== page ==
Skip to main content

A Sung Communion for the Season after Pentecost/Ordinary Time: Blessed Assurance

A Sung Communion for the Season after Pentecost/Ordinary Time:
Blessed Assurance TUNE: ASSURANCE (UMH #369)
Lift up your hearts, friends, time to give thanks!
Time now to gather, our voices to raise!
Called to the table, hearts turned to God,  
Come to meet Christ here, come now to praise.

Refrain: This is God’s table; come find your place.
Table of blessing, table of grace.
This is God’s table, this is God’s gift.
We are invited; come to the feast!

In God’s own image, we come to life.
God offers to us abundance and grace.
But we sought rather for power, success,
Losing our way and losing our place.

*Prophets and poets, judges and kings,
God working through them, a message to bring.
We did not listen, we would not hear.
We closed our hearts to all God would share.

Refrain: This is God’s table; come find your place.
Table of blessing, table of grace.
This is God’s table, this is God’s gift.
We are invited; come to the feast!

So God sent Christ in the fullness of time
God-come-among-us, human, divine
Christ lived among us, he shared the good news:
God’s kin-dom for all, God’s kin-dom for you.

Refrain: This is our story, this is our song,
praising our Savior all the day long;
this is our story, this is our song,
praising our Savior all the day long.

During the supper, Jesus took bread
Thanking and sharing, disciples he fed.
“This is my body, given for you.
Eat and remember when this you do."
After the supper, Christ shared the cup
‘This is my life - it’s poured out for you.
Sign of forgiveness, sign of God’s love,
Given to all: God’s promise made new.”    


Refrain: This is God’s table; come find your place.
Table of blessing, table of grace.
This is God’s table, this is God’s gift.
We are invited; come to the feast!

Blessed assurance! Jesus is mine!
O, what a foretaste of glory divine!
We come to the table, gift from above,
filled with God’s goodness, lost in God’s love.

Refrain: This is our story, this is our song,
praising our Savior all the day long;
this is our story, this is our song,
praising our Savior all the day long.




*Rather than a strict verse/refrain alternation, this liturgy occasionally uses a repeated verse before returning to the refrain. All refrains are marked. 

Text: Beth Quick, 2018 Incorporating phrases and refrain from “Blessed Assurance” by Fanny J. Crosby.

Creative Commons License
A Sung Communion Liturgy for the Season after Pentecost/Ordinary Time: Blessed Assurance by Rev. Dr. Beth Quick is licensed under a Creative Commons Attribution-NonCommercial 4.0 International License.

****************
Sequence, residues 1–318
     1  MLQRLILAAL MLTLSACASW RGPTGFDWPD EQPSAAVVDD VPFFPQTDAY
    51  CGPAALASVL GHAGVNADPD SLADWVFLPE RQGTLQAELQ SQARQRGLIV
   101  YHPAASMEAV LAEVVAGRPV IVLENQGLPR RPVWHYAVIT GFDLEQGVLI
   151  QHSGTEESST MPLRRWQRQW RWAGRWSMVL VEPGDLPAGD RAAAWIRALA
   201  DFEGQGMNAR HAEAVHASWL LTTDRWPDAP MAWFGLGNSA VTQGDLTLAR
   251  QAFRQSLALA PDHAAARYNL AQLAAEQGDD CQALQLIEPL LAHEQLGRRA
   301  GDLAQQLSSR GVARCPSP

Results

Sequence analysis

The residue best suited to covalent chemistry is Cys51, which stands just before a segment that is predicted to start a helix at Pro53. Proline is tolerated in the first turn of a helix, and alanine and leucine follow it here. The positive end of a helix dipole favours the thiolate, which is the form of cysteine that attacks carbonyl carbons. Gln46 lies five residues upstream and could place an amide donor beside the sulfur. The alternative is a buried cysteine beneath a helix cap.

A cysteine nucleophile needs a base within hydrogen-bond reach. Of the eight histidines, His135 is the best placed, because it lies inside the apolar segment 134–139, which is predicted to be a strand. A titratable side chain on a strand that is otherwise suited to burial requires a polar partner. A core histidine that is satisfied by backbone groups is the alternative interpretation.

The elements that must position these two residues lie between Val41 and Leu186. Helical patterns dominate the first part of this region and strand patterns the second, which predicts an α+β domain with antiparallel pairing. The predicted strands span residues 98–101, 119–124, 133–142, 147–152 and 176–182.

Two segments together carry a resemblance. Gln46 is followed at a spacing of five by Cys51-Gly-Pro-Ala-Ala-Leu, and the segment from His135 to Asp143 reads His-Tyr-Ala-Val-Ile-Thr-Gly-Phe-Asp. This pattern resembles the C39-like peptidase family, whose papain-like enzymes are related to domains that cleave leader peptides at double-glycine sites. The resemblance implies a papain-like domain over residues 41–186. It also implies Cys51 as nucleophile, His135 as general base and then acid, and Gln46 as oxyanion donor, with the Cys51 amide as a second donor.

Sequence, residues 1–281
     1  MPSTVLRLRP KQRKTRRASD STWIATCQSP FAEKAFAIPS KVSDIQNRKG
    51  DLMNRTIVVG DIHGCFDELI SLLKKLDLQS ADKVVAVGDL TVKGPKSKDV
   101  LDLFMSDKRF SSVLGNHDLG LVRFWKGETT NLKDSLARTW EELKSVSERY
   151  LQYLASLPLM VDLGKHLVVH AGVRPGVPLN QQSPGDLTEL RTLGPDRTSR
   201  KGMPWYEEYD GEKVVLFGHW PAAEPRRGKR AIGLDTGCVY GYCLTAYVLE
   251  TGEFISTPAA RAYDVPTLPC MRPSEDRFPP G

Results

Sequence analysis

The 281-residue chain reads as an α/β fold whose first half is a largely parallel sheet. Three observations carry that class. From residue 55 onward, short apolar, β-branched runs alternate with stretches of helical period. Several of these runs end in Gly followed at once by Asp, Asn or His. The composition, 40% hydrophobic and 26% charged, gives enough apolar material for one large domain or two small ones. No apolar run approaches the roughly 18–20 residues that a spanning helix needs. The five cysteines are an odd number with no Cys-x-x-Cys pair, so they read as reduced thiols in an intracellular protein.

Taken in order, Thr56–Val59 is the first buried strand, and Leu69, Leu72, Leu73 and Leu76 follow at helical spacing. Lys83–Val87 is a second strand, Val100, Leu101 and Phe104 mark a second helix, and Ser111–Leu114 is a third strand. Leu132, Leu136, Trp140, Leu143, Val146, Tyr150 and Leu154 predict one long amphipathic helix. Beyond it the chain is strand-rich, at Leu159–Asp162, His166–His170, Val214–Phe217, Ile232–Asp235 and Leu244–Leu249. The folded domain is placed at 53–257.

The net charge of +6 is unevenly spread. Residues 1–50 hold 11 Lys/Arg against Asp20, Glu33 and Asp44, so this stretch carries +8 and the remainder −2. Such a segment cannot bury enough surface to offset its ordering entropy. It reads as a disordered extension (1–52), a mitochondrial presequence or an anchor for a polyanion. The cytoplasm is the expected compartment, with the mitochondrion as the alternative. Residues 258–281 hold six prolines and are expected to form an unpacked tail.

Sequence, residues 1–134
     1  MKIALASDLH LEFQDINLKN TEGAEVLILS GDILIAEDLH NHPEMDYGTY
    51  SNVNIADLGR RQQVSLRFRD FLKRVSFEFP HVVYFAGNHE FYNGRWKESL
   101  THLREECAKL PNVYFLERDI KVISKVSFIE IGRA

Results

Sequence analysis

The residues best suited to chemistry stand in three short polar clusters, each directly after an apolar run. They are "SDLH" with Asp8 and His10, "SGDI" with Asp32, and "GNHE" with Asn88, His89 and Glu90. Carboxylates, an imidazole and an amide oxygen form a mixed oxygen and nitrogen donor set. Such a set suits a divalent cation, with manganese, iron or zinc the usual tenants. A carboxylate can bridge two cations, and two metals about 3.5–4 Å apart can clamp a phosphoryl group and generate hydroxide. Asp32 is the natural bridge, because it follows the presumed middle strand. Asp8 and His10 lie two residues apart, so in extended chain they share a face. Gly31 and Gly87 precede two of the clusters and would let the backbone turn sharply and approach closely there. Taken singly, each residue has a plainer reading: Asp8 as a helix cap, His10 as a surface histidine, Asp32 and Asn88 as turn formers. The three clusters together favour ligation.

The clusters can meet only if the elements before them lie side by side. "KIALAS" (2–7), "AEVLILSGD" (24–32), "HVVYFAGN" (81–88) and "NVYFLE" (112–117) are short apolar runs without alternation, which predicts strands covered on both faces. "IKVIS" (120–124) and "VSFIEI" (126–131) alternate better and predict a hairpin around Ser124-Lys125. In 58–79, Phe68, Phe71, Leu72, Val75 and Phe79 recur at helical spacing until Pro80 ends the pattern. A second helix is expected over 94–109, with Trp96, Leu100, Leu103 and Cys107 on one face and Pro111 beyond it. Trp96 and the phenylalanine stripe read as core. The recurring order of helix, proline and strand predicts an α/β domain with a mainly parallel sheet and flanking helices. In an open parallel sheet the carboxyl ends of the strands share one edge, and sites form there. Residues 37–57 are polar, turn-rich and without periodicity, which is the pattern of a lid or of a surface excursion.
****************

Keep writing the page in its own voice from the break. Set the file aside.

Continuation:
Comments

Popular posts from this blog

re-post: devotional life for progressive Christians

I posted this a while back before anyone was really reading this blog. Now that more people seem to be stopping by, I thought I'd put it out there again with some edits/additons since it's been on my mind again... Do you find it difficult to have any sort of devotional time? When I was growing up, I was almost compulsive about my personal Bible Study, devotion time, etc. Somewhere along the way, I got more and more sporadic. In part, I found myself frustrated with the devotional books that I considered theologically too conservative. I find it hard to bond with God when you're busy mentally disagreeing with the author of whatever resource you're reading. My habit was broken, and I've never gotten it back for more than a few weeks at a time. So, a disciplined devotional/prayer/bible-reading life - is it something I should be striving to get back, or something that is filled by other ways I am close to God? This is a debate I have with myself all the time. On the

Sermon for the First Sunday in Advent, "Hope: A Thrill of Hope," Mark 1:1-8

Sermon 11/26/17 Mark 1:1-8 Hope: A Thrill of Hope             Are you a pessimist or an optimist? Is the glass of life half empty, or half full? My mom and I have gone back and forth about this a bit over the years. She’s wildly optimistic about most things, and sometimes I would say her optimism, her hopefulness borders on the irrational. If the weather forecast says there’s a 70% chance of a snowstorm coming, my mom will focus very seriously on that 30% chance that it is going to be a nice day after all. I, meanwhile, will begin adjusting my travel plans and making a backup plan for the day. My mom says I’m a pessimist, but I would argue that I’m simply a realist , trying to prepare for the thing that is most likely to happen, whether I like that thing or not. My mom, however, says she doesn’t want to be disappointed twice, both by thinking something bad is going to happen, and then by having the bad thing actually happen. She’d rather be hopeful, and enjoy her state of

Sermon for Second Sunday in Advent, "Peace: All Is Calm, All Is Bright," Isaiah 11:1-10, Mark 13:24-37

Sermon 12/3/17 Mark 13:24-37, Isaiah 11:1-10 Peace: All Is Calm, All Is Bright             “Silent night, holy night. All is calm, all is bright. Round yon’ virgin mother and child. Holy infant, so tender and mild. Sleep in heavenly peace. Sleep in heavenly peace.”             This week, I read news stories about North Korea testing a missile that perhaps could reach across the whole of the United States.             This week, I spoke with a colleague in ministry who had, like all churches in our conference, received from our church insurance company information about how to respond in an active shooter situation. She was trying to figure out how to respond to anxious parishioners and yet not get caught up in spending all of their ministry time on creating safety plans.             This week, we’ve continued to hear stories from people who have experienced sexual assault and harassment, as the actions, sometimes over decades, of men in positions of power have been